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This year, thanks to COVID-19, insurance coverage is going to change. Right now we're seeing increasing numbers of new policies, including travel policies and health-related policies, that no longer cover illnesses connected to COVID-19.

So how far will insurance companies go in refusing cover for virus-related risks?

Insurance isn't designed with unknown risks in mind

The problem is there are so many unknowns, and insurance doesn't handle uncertainty well. Insurance actuaries need a lot of data to analyse and figure out the likelihood of a certain risk happening, so they can set accurate, fair premiums for an insurance product, a price with a small amount of profit rolled into it. Right now neither scientists nor anyone else knows enough about the disease to draw any sensible conclusions. If they make a guess and the guess turns out to be wrong, an insurer could potentially lose millions or even face closure.


What was, at first, suspected to be a relatively simple virus causing a flu-like respiratory illness, has turned into something a lot more complicated. People are having respiratory problems, strokes, heart attacks and more because of their COVID-19 sickness, and some of the after-effects look like they could be permanent or at least last for a long time. All this means a person's medical bills could easily get completely out of control, reaching enormous sums that no insurer, no matter how good, could have predicted.


As the list of unusual and unexpected COVID symptoms keeps growing, the overall picture of this disease isn't getting much clearer. We found these symptoms on various websites, and the list seems to be growing as we find out more about the effects the virus can have. One thing we do know – it seems to be affecting people in many different ways, which doesn't make accurate risk assessment and underwriting any easier.

  • Diarrhoea, nausea, vomiting
  • Deep vein thrombosis, unusual heart attacks and strokes in younger patients, brain damage and nerve damage
  • Permanent lung damage
  • Long-term gut bacteria changes, with more harmful and fewer beneficial bacteria
  • Post-recovery depression, anxiety and insomnia
  • Chest pains, severe fatigue, chronic headaches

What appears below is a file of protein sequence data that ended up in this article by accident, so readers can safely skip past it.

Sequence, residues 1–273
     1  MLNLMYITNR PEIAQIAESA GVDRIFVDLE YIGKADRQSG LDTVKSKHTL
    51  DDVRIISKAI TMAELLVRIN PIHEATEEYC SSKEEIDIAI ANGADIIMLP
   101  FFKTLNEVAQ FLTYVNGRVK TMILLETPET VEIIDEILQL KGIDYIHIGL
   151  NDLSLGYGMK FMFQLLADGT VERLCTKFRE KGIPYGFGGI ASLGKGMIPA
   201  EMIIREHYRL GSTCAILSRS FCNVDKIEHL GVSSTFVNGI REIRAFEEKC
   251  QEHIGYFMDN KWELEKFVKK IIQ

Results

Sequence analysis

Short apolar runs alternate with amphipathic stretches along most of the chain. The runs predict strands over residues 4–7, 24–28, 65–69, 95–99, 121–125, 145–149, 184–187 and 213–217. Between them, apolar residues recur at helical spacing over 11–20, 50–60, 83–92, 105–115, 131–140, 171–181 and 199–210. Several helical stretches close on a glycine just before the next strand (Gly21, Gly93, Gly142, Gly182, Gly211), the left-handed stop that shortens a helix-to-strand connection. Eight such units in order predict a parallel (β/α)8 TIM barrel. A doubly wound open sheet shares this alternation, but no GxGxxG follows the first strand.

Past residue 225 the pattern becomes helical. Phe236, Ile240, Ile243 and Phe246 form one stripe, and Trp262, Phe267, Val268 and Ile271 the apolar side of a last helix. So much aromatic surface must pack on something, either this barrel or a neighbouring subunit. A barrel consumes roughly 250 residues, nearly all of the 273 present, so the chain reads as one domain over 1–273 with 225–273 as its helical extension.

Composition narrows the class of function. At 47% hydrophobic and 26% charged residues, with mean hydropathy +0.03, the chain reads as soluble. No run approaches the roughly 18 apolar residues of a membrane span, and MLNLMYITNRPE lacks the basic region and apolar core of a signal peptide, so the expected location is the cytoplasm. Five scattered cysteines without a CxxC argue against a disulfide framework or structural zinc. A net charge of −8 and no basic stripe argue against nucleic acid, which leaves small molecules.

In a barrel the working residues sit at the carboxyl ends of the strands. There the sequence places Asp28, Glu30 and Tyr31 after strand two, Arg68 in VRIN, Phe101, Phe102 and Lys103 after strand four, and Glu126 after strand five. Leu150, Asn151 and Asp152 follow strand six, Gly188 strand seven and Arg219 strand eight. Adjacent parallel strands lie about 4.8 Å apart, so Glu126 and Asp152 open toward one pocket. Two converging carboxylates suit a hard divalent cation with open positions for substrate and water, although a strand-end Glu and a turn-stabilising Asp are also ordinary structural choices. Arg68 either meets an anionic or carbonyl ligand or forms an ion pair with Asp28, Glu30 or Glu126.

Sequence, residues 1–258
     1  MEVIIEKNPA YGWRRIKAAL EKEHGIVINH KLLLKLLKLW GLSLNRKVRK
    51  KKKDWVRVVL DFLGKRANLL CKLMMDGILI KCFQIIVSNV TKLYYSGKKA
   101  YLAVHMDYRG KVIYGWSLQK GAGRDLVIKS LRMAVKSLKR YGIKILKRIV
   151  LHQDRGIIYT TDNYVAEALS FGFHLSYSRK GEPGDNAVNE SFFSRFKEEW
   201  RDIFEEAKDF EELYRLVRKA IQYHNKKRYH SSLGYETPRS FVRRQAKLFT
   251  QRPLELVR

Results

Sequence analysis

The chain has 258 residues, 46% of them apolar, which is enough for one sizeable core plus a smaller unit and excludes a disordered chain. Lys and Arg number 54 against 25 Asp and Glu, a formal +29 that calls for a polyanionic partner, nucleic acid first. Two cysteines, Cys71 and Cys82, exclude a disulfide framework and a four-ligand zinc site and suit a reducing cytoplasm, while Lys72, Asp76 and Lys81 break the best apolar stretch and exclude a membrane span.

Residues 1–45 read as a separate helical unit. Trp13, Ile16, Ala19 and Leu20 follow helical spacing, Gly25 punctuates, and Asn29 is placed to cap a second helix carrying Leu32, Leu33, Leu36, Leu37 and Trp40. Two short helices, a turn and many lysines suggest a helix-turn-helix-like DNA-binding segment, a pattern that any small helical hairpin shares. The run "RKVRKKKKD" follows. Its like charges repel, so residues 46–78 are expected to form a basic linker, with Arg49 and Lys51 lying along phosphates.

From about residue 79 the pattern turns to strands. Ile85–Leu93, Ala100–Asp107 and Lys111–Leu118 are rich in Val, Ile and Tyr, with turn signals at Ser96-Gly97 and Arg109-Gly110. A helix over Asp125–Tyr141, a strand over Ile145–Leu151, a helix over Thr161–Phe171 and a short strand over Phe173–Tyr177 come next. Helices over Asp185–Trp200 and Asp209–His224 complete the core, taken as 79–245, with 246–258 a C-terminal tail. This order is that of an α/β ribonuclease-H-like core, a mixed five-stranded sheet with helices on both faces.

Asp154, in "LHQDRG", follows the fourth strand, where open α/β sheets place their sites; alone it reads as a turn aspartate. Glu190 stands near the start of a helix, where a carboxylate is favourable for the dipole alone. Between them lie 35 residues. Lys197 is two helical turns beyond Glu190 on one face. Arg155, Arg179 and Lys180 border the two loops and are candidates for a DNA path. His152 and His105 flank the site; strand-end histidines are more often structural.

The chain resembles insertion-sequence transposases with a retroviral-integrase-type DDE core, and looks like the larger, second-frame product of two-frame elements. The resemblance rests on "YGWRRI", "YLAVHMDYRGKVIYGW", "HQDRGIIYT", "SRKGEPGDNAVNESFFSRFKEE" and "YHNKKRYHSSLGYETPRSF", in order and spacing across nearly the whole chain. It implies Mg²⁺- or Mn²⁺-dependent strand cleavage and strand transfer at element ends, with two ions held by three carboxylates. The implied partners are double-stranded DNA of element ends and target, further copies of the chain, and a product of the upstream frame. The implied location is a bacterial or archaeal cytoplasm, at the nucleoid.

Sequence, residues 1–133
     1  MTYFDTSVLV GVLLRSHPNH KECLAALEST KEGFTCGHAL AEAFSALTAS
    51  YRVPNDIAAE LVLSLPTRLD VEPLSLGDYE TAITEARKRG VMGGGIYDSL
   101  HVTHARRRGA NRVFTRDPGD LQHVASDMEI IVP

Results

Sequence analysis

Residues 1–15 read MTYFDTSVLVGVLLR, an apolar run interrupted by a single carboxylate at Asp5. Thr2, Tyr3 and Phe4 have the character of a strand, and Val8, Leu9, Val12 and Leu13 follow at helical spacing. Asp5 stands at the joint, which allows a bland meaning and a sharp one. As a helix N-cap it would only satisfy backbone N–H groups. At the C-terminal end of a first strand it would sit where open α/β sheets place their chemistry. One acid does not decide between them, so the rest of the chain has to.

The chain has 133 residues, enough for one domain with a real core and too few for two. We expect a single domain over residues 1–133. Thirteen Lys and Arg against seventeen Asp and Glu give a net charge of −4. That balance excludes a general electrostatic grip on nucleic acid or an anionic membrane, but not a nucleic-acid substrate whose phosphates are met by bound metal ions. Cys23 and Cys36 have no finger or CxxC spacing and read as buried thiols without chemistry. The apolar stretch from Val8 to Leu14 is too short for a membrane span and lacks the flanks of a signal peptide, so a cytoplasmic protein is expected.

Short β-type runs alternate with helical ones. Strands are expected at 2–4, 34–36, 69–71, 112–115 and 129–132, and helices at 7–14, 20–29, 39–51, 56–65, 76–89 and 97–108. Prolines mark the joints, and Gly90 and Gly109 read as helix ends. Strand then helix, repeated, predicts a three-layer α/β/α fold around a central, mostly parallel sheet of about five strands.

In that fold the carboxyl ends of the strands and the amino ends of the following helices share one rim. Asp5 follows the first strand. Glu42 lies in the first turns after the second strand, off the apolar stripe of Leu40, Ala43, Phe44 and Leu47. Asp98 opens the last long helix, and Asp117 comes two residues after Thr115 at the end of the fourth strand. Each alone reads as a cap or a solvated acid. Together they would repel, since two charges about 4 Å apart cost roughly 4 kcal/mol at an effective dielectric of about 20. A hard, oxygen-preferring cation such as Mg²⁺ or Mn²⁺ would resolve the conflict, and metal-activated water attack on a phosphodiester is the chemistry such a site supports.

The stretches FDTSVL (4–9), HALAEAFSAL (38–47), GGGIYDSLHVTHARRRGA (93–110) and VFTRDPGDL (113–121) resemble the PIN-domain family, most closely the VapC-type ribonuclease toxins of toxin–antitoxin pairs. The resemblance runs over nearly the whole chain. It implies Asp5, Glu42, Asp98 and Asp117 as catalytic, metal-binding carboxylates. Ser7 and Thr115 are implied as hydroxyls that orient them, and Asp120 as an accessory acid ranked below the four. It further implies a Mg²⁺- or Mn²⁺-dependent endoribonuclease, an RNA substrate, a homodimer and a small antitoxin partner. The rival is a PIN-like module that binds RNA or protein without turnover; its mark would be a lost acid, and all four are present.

• Itching, tingling fingertips, numb arms
  • Lost or damaged sense of taste, smell, or both
  • Weight loss, bloating, lost appetite
  • Brain fog, dizziness, seizures, hallucinations
  • Skin problems including a variety of rashes
  • Blisters around the mouth and on the body
  • Lesions on the toes
  • Severe muscle pain and long-term inflammation

At the moment nobody knows if this is a comprehensive list, how long these symptoms and problems might last, and whether any of them might grow more serious as time passes. We also don't really know how well – or not - the human immune system responds to the virus, whether we get some natural immunity, and if so how long it might take to create a vaccine if a vaccine turns out to be a possibility.

It will be interesting to see what happens if insurance companies start excluding cover then denying claims. Imagine someone develops a heart problem three years after they recovered from COVID-19, but their illness is COVID-related. Who pays for the treatment? At the moment we don't have the answers to these difficult questions.

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Our advice, until the picture becomes clearer, is to carefully inform yourself before you buy an insurance policy, whatever kind of insurance it happens to be. It has always been important to read the small print to make sure the product suits your needs properly and you're getting the protection you expect. Now it's more important than ever – it's vital. You need to know exactly what you're covered for, and exactly what is excluded.

Renew current policies rather than buying new ones

More good advice – if you have a policy that covers COVID-19, or doesn't specifically exclude it, hang onto it because insurers can't change a policy's terms and conditions after the fact. If you cancel an existing policy and take out a new one, with the same insurer or a different insurer, there is no guarantee you'll get the same protection. In fact, you probably won't. It will be full of COVID-19 related exclusions. As you can imagine, this advice is particularly important for health insurance cover, where newer policies are highly likely to exclude the virus but existing and older policies may provide a level of cover.

Can we help you decode your insurance cover?

It isn't always easy to understand insurance terms, conditions, exclusions, and cover details. If you need help figuring out exactly what you're covered for and what isn't covered, we'll be pleased to help you. It's all part of the service. If you need to buy a new policy, we'll help you pick the best cover for your circumstances in this strange new world.

In the meantime, stay safe.